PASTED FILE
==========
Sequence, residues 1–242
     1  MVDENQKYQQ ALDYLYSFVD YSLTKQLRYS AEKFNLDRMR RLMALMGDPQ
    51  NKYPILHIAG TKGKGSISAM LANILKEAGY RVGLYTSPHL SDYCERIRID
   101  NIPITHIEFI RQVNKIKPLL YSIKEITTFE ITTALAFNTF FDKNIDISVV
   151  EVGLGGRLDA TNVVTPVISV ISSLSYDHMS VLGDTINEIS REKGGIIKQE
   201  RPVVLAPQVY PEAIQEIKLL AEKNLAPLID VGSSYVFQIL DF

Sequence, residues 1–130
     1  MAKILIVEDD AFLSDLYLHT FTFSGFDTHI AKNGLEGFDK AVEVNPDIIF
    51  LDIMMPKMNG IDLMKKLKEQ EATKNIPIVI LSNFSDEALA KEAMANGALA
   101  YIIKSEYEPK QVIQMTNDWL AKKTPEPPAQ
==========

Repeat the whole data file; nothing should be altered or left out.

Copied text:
Sequence, residues 1–242
     1  MVDENQKYQQ ALDYLYSFVD YSLTKQLRYS AEKFNLDRMR RLMALMGDPQ
    51  NKYPILHIAG TKGKGSISAM LANILKEAGY RVGLYTSPHL SDYCERIRID
   101  NIPITHIEFI RQVNKIKPLL YSIKEITTFE ITTALAFNTF FDKNIDISVV
   151  EVGLGGRLDA TNVVTPVISV ISSLSYDHMS VLGDTINEIS REKGGIIKQE
   201  RPVVLAPQVY PEAIQEIKLL AEKNLAPLID VGSSYVFQIL DF

Sequence, residues 1–130
     1  MAKILIVEDD AFLSDLYLHT FTFSGFDTHI AKNGLEGFDK AVEVNPDIIF
    51  LDIMMPKMNG IDLMKKLKEQ EATKNIPIVI LSNFSDEALA KEAMANGALA
   101  YIIKSEYEPK QVIQMTNDWL AKKTPEPPAQ